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BIG, Copenhagen, Denmark, container

Living on the Water: Student Housing by BIG

In the search for new possibilities for creating affordable, attractive living space for the increasing number of students, BIG decided to redevelop the harbour in Copenhagen. The Danish architects went with a floating type of structure that any harbour town can use to generate centrally located building space and extend the city onto the water.

In total, the housing unit comprises nine containers – the same containers that leave the harbour daily in order to transport goods to the rest of the world. In building the Urban Rigger, the architects exploited the advantages of the standardized container system, which offers a cheap, robust structure with flexible potential for the use of space. The nine containers have enough room for twelve studios as well as communal areas such as an inner courtyard and rooftop terrace. This arrangement creates a mini-neighbourhood on each pontoon. The floating pontoons can be bundled into hexagonal groups in the harbour, thus making an optical and spatial connection to the other communities.

These characteristics arise from the special stacking of the containers. The first level consists of three containers arranged in a triangle, which creates a communal inner courtyard. The corners of the triangle have been separated in order to make optical connections to the exterior space and create a hexagonal inner courtyard. A further six containers form the second storey and connect the structure of the base, for two abutting containers can close any gaps. The structure is held together by a stairway and paths to the upper living spaces. Moreover, glass protects the inner courtyard from wind and weather; it also provides a pleasant entryway where residents can interact with their neighbours.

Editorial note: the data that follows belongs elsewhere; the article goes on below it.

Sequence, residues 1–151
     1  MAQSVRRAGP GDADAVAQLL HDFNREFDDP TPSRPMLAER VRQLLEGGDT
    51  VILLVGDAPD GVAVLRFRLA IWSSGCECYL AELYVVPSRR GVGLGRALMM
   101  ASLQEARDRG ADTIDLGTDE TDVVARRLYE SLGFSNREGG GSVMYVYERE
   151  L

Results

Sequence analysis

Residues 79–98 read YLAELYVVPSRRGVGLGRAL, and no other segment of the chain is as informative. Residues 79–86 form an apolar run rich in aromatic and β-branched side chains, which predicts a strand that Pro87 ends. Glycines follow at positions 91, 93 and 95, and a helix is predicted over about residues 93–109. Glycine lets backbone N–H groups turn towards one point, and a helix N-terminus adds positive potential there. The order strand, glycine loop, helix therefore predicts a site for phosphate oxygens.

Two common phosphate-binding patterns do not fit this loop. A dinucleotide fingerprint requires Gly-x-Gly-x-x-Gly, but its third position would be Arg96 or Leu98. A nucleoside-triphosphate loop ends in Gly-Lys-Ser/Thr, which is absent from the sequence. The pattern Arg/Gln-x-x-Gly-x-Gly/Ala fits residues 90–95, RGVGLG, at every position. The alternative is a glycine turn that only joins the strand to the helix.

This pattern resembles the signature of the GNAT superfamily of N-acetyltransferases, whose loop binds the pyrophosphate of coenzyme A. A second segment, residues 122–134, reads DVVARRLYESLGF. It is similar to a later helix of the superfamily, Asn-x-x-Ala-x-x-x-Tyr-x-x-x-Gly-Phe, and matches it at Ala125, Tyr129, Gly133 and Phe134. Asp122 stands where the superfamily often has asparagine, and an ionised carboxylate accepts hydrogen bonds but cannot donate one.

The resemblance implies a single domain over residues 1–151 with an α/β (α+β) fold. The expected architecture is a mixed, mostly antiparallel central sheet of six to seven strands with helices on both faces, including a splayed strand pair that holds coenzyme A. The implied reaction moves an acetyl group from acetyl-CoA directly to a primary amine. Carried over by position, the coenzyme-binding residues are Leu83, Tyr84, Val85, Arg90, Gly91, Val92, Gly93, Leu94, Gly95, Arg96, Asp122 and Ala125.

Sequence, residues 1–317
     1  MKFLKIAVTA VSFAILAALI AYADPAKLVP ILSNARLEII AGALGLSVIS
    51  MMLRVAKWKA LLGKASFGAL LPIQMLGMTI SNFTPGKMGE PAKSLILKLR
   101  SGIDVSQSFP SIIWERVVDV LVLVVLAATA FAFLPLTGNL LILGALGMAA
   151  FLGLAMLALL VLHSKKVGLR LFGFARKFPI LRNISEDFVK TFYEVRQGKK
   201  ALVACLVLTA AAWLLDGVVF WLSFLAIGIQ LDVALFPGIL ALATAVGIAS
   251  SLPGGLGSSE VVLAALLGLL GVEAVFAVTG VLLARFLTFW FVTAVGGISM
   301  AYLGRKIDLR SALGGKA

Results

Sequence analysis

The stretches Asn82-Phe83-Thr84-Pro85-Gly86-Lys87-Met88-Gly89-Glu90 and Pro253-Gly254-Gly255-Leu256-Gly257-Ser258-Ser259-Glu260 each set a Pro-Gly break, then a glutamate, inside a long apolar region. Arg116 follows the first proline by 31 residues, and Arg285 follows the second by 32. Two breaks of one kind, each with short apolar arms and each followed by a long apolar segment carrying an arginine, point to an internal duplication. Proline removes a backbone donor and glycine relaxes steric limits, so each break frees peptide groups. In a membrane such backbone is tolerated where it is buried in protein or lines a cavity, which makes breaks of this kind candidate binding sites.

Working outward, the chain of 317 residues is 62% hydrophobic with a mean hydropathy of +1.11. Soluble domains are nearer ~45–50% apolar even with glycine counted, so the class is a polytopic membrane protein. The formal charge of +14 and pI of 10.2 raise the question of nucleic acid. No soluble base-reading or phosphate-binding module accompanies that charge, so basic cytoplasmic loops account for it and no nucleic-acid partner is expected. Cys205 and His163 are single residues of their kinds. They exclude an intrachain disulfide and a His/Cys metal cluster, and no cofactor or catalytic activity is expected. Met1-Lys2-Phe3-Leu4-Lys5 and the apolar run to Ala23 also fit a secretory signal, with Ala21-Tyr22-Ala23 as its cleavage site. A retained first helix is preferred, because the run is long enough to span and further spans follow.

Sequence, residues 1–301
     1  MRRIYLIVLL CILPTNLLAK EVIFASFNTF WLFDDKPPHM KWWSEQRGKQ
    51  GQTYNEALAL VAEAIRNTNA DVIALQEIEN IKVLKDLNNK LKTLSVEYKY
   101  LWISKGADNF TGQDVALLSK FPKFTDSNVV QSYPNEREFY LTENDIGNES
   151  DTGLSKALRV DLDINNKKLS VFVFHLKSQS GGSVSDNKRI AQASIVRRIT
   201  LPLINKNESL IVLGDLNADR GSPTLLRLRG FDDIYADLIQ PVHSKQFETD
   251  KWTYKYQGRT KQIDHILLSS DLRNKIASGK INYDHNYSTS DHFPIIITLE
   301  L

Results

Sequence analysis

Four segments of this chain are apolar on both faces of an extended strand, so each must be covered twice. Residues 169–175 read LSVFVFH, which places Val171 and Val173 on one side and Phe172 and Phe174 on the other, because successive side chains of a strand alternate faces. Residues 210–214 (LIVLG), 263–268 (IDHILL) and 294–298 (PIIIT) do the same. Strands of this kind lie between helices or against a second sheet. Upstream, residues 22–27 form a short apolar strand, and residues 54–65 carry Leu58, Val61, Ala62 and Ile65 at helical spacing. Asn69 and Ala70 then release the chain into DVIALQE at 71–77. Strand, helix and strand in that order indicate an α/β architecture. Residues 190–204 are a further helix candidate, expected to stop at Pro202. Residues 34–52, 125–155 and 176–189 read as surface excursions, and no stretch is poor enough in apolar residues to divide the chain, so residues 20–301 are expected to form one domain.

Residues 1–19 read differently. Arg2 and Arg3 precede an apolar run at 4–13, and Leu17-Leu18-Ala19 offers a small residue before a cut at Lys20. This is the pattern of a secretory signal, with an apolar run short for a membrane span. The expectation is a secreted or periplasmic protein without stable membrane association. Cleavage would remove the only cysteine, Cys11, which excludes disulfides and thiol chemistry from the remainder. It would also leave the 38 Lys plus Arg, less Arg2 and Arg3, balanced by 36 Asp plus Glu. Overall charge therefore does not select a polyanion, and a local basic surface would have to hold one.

Each of the three roof surfaces serves a different purpose. In order to create a more sustainable home, one roof has been equipped with solar panels. The second roof has been planted with greenery, while the third gives residents a panoramic view over the water. Ceiling-high windows allow a significant amount of daylight to enter; they also show proximity to the water. The interior spaces have been decorated in white and sparingly furnished. The walls and floors are of wood. This gives a warm ambience to the spaces, which at first glance are not particularly cosy.

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Photos:
 BIG/Bjarke Ingels Group, Laurent de Carniere

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DETAIL 11/2017
DETAIL 11/2017

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